Accurate representation of processes driving the behavior of ice/water interactions at the ice sheet bed is crucial to understanding drainage system evolution and our ability to quantify the impact of surface meltwater input on ice sheet acceleration. Our results caution against the direct transfer of processes from the alpine setting to the ice sheet interior, where geometric differences are accentuated. Future efforts to assess drainage dynamics away from the ice sheet margin should focus on developing additional mechanisms for growing drainage system efficiency, such as sliding over bedrock. The importance of processes in this interior regime is paramount, considering that surface melt extent and intensity have increased over the GIS during the observational era (27, 28), and future warming is projected to expand melt intensity toward the ice sheet interior.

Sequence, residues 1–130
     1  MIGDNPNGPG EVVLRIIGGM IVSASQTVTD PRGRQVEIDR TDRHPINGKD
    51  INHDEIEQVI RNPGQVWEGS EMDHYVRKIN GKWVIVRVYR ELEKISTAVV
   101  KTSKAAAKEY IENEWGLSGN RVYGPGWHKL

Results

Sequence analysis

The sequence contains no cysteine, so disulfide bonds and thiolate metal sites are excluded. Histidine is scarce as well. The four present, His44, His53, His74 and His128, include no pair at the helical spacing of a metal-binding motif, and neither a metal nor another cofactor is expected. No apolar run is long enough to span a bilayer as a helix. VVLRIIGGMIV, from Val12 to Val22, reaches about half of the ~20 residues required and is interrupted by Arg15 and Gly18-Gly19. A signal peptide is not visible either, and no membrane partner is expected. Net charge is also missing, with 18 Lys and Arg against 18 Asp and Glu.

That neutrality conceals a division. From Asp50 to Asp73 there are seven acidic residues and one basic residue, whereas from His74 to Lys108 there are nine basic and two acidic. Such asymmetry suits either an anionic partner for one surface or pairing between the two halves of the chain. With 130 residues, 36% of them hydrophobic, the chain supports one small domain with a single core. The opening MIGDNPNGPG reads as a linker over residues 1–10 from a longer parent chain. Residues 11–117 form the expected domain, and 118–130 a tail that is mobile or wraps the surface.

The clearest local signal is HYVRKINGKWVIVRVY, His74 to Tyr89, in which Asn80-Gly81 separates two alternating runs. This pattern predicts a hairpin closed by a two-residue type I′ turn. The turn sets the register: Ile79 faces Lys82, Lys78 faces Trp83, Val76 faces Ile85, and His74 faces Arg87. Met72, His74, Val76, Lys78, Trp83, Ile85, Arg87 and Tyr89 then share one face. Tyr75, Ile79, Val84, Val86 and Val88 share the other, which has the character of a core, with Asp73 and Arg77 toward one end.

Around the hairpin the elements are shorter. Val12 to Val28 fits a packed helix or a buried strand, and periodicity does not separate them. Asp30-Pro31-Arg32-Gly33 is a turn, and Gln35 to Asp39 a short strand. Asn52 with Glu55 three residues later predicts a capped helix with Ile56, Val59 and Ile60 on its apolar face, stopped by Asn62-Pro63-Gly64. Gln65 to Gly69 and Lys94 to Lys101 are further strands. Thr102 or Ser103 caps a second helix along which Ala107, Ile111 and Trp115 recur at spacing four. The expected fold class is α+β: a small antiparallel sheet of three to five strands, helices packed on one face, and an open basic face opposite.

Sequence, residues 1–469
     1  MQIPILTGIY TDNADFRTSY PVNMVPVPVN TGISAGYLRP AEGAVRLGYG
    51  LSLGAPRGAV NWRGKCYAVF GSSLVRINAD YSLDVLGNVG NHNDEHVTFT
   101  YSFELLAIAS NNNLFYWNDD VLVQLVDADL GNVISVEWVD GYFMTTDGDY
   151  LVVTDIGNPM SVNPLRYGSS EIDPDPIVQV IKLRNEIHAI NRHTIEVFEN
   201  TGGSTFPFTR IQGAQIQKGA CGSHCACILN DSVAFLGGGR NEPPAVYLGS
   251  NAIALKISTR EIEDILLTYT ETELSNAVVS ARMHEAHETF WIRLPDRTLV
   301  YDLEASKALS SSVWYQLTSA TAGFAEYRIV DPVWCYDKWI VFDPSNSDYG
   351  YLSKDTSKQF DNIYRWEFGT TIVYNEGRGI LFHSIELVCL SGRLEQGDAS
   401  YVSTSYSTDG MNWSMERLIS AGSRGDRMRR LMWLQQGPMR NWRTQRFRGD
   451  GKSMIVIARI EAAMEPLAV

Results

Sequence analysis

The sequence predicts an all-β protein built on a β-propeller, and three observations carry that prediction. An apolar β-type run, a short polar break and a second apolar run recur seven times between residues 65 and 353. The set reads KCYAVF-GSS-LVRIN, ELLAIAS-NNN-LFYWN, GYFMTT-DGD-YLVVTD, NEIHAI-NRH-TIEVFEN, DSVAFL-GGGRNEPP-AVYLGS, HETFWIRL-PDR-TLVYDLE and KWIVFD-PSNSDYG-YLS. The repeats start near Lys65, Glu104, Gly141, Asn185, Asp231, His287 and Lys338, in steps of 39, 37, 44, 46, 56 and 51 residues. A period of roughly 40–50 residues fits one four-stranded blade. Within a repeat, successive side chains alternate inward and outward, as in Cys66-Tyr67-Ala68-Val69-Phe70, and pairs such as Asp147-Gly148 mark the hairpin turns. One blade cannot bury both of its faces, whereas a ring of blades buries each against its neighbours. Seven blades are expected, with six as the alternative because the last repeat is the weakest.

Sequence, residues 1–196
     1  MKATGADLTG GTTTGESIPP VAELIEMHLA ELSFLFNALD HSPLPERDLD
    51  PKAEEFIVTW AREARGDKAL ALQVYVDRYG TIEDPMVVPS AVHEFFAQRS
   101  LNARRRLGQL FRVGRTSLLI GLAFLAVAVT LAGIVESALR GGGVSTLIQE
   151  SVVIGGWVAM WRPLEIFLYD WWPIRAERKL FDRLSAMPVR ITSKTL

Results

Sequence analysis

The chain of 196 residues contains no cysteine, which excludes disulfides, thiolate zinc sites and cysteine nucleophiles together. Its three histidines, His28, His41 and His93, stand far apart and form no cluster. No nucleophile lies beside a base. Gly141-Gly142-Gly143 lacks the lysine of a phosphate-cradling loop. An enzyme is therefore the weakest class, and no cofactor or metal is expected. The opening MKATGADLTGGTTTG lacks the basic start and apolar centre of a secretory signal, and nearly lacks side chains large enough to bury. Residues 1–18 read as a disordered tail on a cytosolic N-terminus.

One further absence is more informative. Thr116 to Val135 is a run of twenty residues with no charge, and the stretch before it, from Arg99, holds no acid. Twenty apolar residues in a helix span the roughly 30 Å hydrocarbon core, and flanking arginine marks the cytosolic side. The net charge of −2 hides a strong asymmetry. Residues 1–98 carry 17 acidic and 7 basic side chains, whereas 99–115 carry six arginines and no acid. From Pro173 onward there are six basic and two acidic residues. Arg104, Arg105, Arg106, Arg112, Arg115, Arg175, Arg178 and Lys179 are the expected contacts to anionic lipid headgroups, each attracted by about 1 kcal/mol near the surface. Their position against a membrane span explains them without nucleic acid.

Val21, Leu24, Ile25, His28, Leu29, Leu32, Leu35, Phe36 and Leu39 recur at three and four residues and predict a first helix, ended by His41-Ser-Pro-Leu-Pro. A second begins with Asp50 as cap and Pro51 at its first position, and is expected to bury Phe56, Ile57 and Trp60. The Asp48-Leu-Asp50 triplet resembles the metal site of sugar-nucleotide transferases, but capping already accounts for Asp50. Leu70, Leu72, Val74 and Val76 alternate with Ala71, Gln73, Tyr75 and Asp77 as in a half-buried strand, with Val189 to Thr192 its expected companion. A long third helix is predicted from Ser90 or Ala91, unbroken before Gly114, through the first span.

Supplementary Materials

Materials and Methods

Supplementary Text

Figs. S1 to S6

Tables S1 to S3

References (3043)

References and Notes

  1. Materials and methods are available as supplementary materials on Science Online.
  2. Acknowledgments: We thank J. Johnson for his thoughtful review and comments that improved this manuscript. Many thanks to all those who provided field assistance. This work is funded by SKB-Posiva-NWMO through the Greenland Analogue Project and NSF (Office of Polar Programs–Arctic Natural Sciences grant no. 0909495).